Today we salute a campaign that is designed to eliminate a shocking and relatively hidden practice in Cameroon: breast ironing. It is the focus of a very passionate Cameroon activist and journalist named Chi Yvonne Leina. As the founder and coordinator of Gender Danger, a grassroots women`s organization, she is fighting to end a traditional practice that is still happening to over three million girls in West Africa.
According to a Survey by the United Nations Population Fund and German Development Cooperation, one in four girls in Cameroon have had their breasts brutally pressed or pounded with hot objects, usually by their mothers, to prevent them from developing early. The mutilation is a traditional practice designed to avoid unwanted male attention, pregnancy and rape, but delaying the signs that a girl is becoming a woman.
The UN has also called breast ironing one of five forgotten crimes against women . Not only is it painful but, it exposes girls to health problems including abscesses, cysts, infection, tissue damage, and even the disappearance of one or both breasts. In 2012, Leina wrote a story about the secretive practice of Breast Ironing for the global news network World Pulse and it attracted huge media attention from all over the world.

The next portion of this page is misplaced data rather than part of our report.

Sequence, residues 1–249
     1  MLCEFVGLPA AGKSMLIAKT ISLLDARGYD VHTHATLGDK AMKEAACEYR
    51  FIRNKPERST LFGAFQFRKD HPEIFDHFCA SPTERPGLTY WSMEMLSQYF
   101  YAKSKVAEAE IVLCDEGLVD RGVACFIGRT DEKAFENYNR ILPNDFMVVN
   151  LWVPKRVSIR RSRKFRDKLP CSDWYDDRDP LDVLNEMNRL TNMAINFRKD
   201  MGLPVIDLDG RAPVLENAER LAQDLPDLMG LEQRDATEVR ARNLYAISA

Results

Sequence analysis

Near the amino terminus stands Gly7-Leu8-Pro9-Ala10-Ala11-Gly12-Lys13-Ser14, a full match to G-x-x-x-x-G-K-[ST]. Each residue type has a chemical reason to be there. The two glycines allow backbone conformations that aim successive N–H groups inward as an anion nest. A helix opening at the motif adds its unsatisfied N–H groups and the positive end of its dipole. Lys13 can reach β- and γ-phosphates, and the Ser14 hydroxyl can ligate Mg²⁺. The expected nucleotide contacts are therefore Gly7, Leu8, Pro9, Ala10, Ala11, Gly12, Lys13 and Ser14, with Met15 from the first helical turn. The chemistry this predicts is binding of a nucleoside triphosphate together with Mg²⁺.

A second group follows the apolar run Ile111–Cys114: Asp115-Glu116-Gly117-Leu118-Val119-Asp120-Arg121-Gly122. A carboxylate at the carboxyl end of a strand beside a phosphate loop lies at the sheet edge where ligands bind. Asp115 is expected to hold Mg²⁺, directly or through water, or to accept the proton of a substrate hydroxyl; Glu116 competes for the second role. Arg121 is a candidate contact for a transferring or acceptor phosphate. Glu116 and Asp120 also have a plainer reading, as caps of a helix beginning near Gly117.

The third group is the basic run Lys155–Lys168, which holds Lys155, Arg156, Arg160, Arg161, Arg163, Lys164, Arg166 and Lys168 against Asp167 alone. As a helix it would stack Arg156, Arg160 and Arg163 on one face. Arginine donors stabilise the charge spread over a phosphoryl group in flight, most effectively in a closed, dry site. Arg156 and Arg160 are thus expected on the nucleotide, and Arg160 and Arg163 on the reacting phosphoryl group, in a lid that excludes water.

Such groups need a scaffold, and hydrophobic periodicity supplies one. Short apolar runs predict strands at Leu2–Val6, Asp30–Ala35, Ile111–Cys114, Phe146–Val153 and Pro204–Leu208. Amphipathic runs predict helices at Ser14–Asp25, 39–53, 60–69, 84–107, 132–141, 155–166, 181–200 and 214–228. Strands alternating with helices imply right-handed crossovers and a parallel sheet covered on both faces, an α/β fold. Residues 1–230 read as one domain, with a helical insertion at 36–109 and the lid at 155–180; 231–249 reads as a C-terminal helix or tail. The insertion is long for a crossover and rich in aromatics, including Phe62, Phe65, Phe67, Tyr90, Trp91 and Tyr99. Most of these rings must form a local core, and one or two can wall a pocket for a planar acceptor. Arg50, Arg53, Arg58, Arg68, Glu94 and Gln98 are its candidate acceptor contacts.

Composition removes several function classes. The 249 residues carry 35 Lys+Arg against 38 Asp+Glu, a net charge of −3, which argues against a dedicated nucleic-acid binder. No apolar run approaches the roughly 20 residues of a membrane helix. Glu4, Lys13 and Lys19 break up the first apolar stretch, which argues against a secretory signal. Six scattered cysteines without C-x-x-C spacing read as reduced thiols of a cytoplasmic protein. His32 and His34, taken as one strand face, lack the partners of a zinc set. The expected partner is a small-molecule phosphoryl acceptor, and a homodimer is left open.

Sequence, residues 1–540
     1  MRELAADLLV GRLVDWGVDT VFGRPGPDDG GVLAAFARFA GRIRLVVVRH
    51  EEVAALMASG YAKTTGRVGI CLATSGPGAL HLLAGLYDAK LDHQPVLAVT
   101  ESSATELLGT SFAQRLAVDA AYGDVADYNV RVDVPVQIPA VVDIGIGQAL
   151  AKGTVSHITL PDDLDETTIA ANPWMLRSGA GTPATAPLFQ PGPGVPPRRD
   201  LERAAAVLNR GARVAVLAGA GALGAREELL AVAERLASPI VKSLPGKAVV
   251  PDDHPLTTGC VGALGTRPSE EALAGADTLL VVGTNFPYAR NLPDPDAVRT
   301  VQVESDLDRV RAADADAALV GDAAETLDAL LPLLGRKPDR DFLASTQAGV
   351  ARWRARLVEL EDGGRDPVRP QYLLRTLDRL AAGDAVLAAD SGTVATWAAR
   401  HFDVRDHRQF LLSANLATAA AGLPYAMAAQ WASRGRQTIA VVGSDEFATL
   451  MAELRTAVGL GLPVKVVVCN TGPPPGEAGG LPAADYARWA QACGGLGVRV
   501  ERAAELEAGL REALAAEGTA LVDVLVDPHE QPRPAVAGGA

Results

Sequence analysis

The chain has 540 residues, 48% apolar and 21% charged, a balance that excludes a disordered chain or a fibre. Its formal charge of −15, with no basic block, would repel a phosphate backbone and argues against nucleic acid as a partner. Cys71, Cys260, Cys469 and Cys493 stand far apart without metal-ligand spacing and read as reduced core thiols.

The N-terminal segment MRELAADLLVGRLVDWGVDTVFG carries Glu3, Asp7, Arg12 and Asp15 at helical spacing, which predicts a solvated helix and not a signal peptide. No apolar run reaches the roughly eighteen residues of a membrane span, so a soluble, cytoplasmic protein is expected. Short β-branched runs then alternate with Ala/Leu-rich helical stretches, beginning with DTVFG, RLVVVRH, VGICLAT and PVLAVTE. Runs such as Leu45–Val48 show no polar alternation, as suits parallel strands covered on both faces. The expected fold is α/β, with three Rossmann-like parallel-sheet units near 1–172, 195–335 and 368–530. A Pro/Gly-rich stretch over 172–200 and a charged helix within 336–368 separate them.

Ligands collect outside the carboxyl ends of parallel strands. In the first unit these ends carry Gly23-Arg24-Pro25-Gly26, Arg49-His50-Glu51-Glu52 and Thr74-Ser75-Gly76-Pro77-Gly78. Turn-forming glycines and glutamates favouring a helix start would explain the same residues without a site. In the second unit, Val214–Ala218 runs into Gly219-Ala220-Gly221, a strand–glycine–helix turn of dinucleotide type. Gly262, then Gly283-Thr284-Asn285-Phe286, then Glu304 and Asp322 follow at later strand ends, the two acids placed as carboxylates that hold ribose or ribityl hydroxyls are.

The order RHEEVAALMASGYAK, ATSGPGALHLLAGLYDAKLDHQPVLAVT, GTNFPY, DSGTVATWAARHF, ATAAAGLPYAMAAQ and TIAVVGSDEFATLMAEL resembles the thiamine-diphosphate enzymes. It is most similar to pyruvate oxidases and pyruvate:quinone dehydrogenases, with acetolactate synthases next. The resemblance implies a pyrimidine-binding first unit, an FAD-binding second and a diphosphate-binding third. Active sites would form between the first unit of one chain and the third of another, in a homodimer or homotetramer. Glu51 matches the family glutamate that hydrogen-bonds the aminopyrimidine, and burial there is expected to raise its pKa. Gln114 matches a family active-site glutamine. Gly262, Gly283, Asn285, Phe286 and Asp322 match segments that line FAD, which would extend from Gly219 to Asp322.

More than 20,000 women and girls have vowed to end the practice since she began her work. Leina believes the only way the practice will stop is if women talk to each other about it. She said: “We need the silence to be broken.”[more...]
Combining education with entertainment for the sake of attitude, behavior and social change has been the goal of PCI Media Impact for 25 years.
With partners spanning the globe in over 45 countries, PCI Media Impact has produced more than 5,000 episodes of 100 serial television and radio productions reaching more than one billion people. Recognizing the importance of storytelling in capturing and keeping people’s attention, PCI Media worked with partners in Peru to create the radio show, Strong Women, Strong Voices.
By skillfully weaving together stories using language accessible to both Spanish-speaking and indigenous women, listeners are drawn into the radio programs—a favored medium particularly in rural communities—with their dramatizations of women overcoming prejudice, abuse and sexual violence.[more...]